Corporate Interests, Capitalism and Social Justice: #ITC2015

I wasn't sure to expect from this panel. Knowing Zak Stein's recent publication of his opening preamble, "The Integral Movement is an Anti-Capitalist Movement", I was curious how the attendees and conference goers would respond. The subject was already of high dispute online in various integral discussion threads, and mentioned in my pre-ITC-blog on imagining a world without capitalism. It turns out Bonnitta Roy had a similar notion, as we'll get to in a moment.


The topic for the debate is the following statement: "It's time for Integralists to stop catering to corporate interests and start fighting for social justice."

On the FOR side, we have Bonnitta Roy and Zak Stein.

On the AGAINST side, we have Andrew Johnson and Dr. Michael McElhenie.

Moderating the panel is Lauren Tenney.

Lauren shares the online voting done prior to the panel. 47% voted for, 28% against, and 25% were undecided.


We begin with Zak's statement. His "weak" argument is that we should at least inform ourselves with the basics of heterodox economics (or Marxist economics). The "strong" argument is that, if we are going to be Integral Theorists, we should at least be post-capitalist. We shouldn't label these kind of progressive suggestions as green meme, because too often that is a substitution for actual thought. We're not dialoguing with the actual thought form. 

Too often we take it as a given that we should be transcending and including, without doing the more difficult work of looking at history and discerning what structures actually had to end, or disintegrate. We don't transcend and include injustice, we get rid of injustice. As integral thinkers we should speak, take power, and be opposed to things.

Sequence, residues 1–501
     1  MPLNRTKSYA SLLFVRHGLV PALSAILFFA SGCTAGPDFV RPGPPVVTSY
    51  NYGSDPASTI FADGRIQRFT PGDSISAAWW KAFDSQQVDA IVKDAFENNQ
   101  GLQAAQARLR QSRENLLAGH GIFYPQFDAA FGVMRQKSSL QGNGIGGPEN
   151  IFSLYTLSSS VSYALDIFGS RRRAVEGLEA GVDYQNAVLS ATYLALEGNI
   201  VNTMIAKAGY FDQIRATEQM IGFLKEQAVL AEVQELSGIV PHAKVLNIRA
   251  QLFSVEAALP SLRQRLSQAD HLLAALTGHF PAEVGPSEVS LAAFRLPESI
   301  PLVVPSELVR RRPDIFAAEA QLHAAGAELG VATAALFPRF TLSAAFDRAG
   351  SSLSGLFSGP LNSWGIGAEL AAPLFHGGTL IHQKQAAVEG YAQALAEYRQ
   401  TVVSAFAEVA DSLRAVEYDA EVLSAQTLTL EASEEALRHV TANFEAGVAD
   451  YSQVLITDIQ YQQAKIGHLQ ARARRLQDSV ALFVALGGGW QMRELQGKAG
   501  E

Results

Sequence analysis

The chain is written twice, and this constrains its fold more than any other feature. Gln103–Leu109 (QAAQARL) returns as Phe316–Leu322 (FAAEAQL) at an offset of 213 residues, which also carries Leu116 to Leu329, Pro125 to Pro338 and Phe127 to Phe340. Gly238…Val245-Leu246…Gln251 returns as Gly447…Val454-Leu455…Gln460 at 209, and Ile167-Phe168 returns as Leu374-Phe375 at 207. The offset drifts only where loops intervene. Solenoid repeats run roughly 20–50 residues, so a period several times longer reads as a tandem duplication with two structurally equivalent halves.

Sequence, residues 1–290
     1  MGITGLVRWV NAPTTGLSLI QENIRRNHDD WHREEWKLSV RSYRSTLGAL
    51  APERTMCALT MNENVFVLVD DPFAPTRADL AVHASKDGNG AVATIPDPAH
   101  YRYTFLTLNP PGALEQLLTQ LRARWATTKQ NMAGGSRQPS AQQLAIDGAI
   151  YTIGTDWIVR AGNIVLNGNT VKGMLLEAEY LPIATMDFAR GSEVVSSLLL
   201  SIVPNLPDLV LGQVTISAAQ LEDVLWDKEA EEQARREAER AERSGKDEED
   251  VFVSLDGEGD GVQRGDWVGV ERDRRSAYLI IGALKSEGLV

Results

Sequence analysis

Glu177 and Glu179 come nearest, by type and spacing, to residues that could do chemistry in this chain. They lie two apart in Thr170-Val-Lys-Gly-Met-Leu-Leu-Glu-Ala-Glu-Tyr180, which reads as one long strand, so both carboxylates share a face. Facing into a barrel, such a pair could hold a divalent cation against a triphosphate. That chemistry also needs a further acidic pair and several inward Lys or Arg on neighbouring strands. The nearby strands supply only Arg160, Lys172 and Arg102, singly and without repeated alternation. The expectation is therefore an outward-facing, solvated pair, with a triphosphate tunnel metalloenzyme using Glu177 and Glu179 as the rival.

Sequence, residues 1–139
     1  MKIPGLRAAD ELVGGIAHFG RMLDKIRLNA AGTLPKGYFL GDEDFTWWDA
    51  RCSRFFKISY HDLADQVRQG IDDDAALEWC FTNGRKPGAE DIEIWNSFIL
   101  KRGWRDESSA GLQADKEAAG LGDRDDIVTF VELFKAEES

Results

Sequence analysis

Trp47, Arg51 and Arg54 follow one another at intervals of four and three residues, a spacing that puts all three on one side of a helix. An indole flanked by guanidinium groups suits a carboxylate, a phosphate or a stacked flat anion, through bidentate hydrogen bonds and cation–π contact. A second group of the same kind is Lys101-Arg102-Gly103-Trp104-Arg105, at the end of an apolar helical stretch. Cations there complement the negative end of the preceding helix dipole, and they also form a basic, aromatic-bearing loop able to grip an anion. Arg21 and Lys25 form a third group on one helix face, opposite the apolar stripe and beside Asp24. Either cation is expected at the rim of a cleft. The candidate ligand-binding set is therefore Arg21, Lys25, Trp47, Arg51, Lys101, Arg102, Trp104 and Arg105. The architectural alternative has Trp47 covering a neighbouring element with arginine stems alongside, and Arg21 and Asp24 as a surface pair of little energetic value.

Zak half-kids that the notion of conscious capitalism is a gateway drug. He finds it interesting that the whole suggestion of conscious capitalism precludes alternatives to capitalism. "We naturalize capitalism when we are unable to see beyond it. This is a failure of the imagination."

Endless profit is radically unsustainable. Surplus value literally means the exploitation of labor. "This is why we have global corporations... because of poor, peasant labor." But there are limits, and we'll reach that limit, eventually (unsustainability).

Zak closes by suggesting that markets are inherently violent. Where there are markets, you will find somebody with a gun and a stick. It is difficult to ignore the reality that capitalism is structurally violent.

Now onto the other side.


"I am a carpet bagger," Michael starts with a quip. He acknowledges that the "early" and "mid stage" versions of capitalism were "greedy". Sure. But benefits have also come with some of these problems. Life expectancy has gone up and infant mortality has gone down in places where capitalism has existed. 

"Maslow's hierarchy of needs are being met", and wherever people are living within a capitalist system, people have those basic needs met. 

Michael also brings up the point that over the past century, there has been an evolution of moral values. "We care more now." Consciousness is shifting. He references Stephen Pinker's Angels of our Better Nature and Jeremy Rifkin's Empathic Civilization

By meeting the basic needs of Maslow's hierarchy, capitalism, he argues, has helped to evolve our consciousness. Capitalism has "fed us" to enable a higher level of consciousness to go online. 

Corporations have made strides to become more sustainable, progressive, and provide equality in their workplaces, Michael suggests, and adds:

"Most corporations have greater diversity than we have here in this room, and at the Integral Theory Conference."

Texas Instruments have worked towards greater sustainability, as an example, with their factories having a 95% reduction in water usage. 

Michael concludes with the suggestion that "Corporations are not a force we can ignore".

Back to the other side.


Bonnitta begins with an opening visualization, which, fortunately, she has shared online. I'll cheat a little here and quote it in full: